I've expressed my gratitude for her laughter, warmth, generosity, sense of style and the way we can laugh and be silly together.
I've told the story of how her arthritis now gets in the way of her baking and so I was forced a few years ago to learn how to bake her special Greek sweet bread and discovered I actually like to bake!
I've told the tale of my desire to dye the perfect red Easter eggs and her voice telling me, "Honey, don't worry. They'll come out perfect. Everything you do always does."
I wrote about how she was always receptive to trying something new and being trendy and so one year bought a silver aluminum Christmas tree, despite my begging her not to.
I've told the story of how I grew up listening to her sing along with Doris Day, "Que sera sera, whatever will be will be, the future's not ours to see, que sera, sera."
I've shared her obsession with worrying and belief she was born with two worry birds, one sitting on each shoulder and her wise advice that one should always think before you speak.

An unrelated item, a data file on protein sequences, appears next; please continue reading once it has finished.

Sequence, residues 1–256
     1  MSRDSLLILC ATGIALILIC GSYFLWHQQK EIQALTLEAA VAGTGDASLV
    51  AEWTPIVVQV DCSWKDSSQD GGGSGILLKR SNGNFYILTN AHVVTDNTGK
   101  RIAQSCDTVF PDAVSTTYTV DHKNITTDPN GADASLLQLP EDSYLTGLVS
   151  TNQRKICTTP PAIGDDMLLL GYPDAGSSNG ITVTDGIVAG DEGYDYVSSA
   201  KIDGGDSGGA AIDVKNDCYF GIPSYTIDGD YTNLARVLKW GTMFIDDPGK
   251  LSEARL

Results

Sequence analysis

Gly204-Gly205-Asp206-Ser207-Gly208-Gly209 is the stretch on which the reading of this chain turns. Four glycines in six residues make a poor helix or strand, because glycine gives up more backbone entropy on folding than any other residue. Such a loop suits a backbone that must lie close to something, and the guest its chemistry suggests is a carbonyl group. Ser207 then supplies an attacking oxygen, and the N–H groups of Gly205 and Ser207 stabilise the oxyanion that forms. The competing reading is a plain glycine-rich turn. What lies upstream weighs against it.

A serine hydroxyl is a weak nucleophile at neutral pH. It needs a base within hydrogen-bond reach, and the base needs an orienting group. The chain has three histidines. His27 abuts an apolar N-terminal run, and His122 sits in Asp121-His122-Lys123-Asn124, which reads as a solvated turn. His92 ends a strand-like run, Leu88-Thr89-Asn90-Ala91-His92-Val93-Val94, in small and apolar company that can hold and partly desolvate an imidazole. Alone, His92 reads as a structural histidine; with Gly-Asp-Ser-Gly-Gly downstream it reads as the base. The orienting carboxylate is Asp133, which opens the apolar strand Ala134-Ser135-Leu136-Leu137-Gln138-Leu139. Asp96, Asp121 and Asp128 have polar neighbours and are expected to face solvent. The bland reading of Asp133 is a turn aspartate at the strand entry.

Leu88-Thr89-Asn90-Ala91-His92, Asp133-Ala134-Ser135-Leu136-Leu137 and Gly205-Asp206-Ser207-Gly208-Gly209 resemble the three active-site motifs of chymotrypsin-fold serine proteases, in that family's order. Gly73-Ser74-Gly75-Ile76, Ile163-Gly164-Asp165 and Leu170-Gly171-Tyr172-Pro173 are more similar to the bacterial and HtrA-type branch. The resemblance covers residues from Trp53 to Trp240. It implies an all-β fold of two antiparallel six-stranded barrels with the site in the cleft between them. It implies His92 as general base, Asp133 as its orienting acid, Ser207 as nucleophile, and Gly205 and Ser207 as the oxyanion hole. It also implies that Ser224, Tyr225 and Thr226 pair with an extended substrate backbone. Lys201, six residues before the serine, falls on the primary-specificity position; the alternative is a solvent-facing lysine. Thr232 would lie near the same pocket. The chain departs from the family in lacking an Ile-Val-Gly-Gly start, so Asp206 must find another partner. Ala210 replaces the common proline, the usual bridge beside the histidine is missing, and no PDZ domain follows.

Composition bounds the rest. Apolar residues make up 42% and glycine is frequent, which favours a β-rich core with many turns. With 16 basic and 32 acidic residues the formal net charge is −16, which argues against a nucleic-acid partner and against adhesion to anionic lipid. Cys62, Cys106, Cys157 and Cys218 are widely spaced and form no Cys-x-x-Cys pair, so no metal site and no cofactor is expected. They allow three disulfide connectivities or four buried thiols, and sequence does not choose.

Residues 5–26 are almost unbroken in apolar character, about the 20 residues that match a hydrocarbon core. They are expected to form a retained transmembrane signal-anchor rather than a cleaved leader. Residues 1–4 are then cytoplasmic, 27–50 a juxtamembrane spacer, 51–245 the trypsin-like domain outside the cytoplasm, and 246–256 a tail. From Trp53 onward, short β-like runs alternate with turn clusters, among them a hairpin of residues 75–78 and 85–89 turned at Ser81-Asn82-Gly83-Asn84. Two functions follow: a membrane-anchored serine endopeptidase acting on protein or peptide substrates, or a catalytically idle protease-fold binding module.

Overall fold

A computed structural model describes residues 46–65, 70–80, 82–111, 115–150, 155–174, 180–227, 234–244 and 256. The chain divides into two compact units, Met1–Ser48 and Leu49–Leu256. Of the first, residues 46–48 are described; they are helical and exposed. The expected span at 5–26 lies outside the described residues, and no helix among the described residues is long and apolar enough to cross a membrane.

Most recently I celebrated her in honor of her 90th birthday in October.
That seems enough. But it's not.
There will always be something more for me to say about my mother, about her fierceness and strength, her humor - when she remembers to laugh at herself - and the courage in which she faces the physical limitations of growing old.
Now that she needs us to watch out for her, she is constantly telling my brother and I how lucky she is to have us. That she doesn't know what she did to deserve two children who are so there for her.
But I know what she did. She gave us the gift of love. Unconditional love. If there was ever anything we doubted, it was never that we were loved.
And for that, there will never be enough words said.
As for what this post has to do with living and working in the digital age - at the end of the day all the technology in the world will not connect us as much as holding the hand of someone we love and who loves us. Which is what I will be doing this Mother's Day.
|Mom's newest adventure - learning how to use the go-kart|
in the grocery store.